The Good, the Bad, and the Weird: “Gangster Squad”


In the second installment of my GBW column, I look at a film that held great promise, but crashed and burned.

The Good, the Bad, and the Weird: Ruben Fleischer’s “Gangster Squad” (2013)

When I was about 11, my brother, who was six years older, did me a solid by renting the movie “Mobsters” at a long-forgotten video store called Movies Plus. (This was the place that really kicked off my cinematic education, unknowingly. They had a deal — five movies for five days for five bucks — that took me through several summers.) I recall being excited by the cast, which included Christian Slater and Richard Grieco (!), and also thinking the trailer, which I likely saw on E!’s “Coming Attractions,” looked fantastic.

Was the film fantastic? Noooo. Although at the time, I quite liked it.

I had not thought of “Mobsters” in a long time, until I read Jeff Shannon’s review of the flop “Gangster Squad” before finally catching up with it on DVD: “Here’’ a telling comparison: I recently happened upon a showing of ‘Mobsters,’ the Christian Slater vehicle that’s been a cable-TV staple since its release in 1991. Packed with B- and C-list costars like Richard Greico and Costas Mandylor, it’s still a marginally better film than ‘Gangster Squad,’ and that’s faint praise indeed.

I think Jeff Shannon is correct, sadly. On paper, it all looked so promising: A great cast, including Josh Brolin, Ryan Gosling, Sean Penn, and Emma Stone. A flashy trailer. The gangster milieu.

But there was also reason to worry. The director, Ruben Fleischer, had a 50-50 track record — the fun “Zombieland” and the awful “30 Minutes or Less.” And the whole LA-fifties-gangster thing seemed a little played out. Then came Aurora, a re-edit, and a January release date shift. The result was a movie that barely qualifies for two stars out of four.

The Good:

  • The costumes were nice?
  • Okay, the costumes were nice, but there are a few other bright spots, mostly due to the casting. It’s nice to see Anthony Mackie, Michael Pena, and the typically gruff Robert Patrick in support; Mackie, especially, makes the most of a small role.
  • Also related to casting: Josh Brolin deserves starring roles, and he got one, here. But there is far more to look forward to from him, including a starring role in Jason Reitman’s “Labor Day.

The Bad:

  • Everything else.
  • Ryan Gosling and Emma Stone are ludicrously underused. Why did Gosling even take this part? It’s a nothing role, really, and he coasts through it. He’s become one of my favorite actors, truly, so seeing him look dull, and play dull, is, well, dull. Sean Penn, too, is utterly forgettable, playing Mickey Cohen as a noisy lump with an overdone, Big Boy Caprice-style accent (“Here comes Sant-y Claus!”)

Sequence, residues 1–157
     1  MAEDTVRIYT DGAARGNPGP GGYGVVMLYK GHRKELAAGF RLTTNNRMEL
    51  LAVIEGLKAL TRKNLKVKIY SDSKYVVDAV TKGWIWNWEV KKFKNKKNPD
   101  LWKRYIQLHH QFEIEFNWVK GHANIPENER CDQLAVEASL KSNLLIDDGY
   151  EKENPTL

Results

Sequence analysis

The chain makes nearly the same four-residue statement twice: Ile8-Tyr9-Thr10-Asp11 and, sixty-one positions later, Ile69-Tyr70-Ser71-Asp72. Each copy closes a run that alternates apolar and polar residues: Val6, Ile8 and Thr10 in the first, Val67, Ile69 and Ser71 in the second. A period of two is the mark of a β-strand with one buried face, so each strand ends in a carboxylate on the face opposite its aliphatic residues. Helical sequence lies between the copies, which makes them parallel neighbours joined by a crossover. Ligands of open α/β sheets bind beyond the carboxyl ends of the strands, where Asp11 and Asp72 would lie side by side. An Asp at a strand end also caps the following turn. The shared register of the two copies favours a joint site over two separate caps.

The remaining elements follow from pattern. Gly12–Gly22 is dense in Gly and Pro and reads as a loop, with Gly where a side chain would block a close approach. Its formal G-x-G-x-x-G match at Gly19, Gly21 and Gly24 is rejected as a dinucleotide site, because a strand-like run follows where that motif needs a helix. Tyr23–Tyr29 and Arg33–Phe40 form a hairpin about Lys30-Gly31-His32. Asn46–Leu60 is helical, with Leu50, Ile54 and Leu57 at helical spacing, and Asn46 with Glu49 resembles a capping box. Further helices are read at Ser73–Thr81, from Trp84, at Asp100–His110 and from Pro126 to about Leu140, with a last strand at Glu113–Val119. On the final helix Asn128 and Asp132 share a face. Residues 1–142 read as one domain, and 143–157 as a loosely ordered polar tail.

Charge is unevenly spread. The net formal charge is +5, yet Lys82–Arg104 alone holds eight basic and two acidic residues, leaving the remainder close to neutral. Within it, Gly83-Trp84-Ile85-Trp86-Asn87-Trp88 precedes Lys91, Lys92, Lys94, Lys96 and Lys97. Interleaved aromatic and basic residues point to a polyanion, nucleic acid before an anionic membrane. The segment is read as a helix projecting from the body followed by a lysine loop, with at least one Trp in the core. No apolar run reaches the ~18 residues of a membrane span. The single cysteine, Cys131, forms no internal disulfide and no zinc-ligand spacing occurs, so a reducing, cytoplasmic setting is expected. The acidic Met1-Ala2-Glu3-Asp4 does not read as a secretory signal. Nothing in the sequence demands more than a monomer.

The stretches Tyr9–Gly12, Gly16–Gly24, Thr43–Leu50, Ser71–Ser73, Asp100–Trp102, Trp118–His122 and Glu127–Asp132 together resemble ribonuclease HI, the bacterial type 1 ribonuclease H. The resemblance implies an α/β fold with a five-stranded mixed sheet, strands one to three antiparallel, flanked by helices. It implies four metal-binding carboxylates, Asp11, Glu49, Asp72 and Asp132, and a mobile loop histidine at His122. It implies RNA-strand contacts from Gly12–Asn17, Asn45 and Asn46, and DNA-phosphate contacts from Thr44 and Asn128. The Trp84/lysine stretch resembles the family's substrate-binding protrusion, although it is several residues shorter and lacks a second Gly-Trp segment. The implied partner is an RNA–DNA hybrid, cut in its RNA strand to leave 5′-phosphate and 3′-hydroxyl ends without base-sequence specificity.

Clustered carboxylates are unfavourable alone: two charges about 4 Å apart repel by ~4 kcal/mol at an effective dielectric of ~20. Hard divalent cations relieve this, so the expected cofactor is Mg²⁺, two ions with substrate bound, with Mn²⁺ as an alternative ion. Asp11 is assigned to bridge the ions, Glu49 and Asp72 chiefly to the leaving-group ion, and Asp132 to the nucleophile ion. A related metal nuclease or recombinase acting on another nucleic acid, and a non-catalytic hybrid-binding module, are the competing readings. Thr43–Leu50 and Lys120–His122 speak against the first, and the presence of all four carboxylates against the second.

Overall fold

• It’s boring, and that is its most crucial sin. The gunfights are endless, the violence ugly, the look, flashy but drab. It is a waste of time, money, and talent.

The Weird

  • It felt odd to see Nick Nolte in the cast, since “Gangster” in some ways brings back memories of a meh, if better, film in which he starred, “Mulholland Falls.”
  • Emma Stone is a wonderful actress, but I’m not sure she’s right for the femme fatale. For she and Gosling, “Gangster Squad” will be a forgotten blip on the resume. In fact, writing this kind of makes me want to go watch them in the wonderful, completely enjoyable “Crazy, Stupid, Love.”

Coming soon: Thoughts on “Behind the Candelabra,” “Frances Ha,” and more

EMMA STONE as Grace Faraday and RYAN GOSLING as Sgt. Jerry Wooters in Warner Bros. Pictures’ and Village Roadshow Pictures’ drama “GANGSTER SQUAD,” a Warner Bros. Pictures release. Photo by Wilson Webb

Weekend Preview: Forget “Earth” — There’s “Something in the Air”


Tomorrow is one of the oddest movie-opening Fridays of the summer, truly. It’s also one of the most boring.

There are few summer releases that look less alluring to me than the Will Smith-Jaden Smith vehicle “After Earth.” In fact, perhaps the only element to pique my interest is the invisibility of director M. Night Shyamalan in the film’s ad campaign. Considering “The Happening” and “The Last Airbender,” that’s probably wise, but I’m not sure what impact it will have at the box office. I’d expect this one to open in the low-thirties, probably ending up making a bit more than the similarly-themed “Oblivion” when all is said and done.

The real question is whether it will hit No. 1 this weekend. I would expect “Fast 6” to maintain its hold, and it is even possible (if unlikely — this is a Will Smith movie, after all) that “Earth” will come in behind “Epic” and “Star Trek.”

Coming in behind all those should be the magicians-robbing-banks thriller “Now You See Me.” The trailers are fun, but if this was directed by anyone other than Louis Leterrier (“Clash of the Titans”), I’d be a heckuva lot more excited. Look at that cast: Jesse Eisenberg, Mark Ruffalo, Woody Harrelson, Michael Caine, Morgan Freeman, and one of my favorite actresses, the incandescent Mélanie Laurent. Good reviews could make this a modest success, and it is worth noting that Leterrier directed two of the enjoyable “Transporter” films.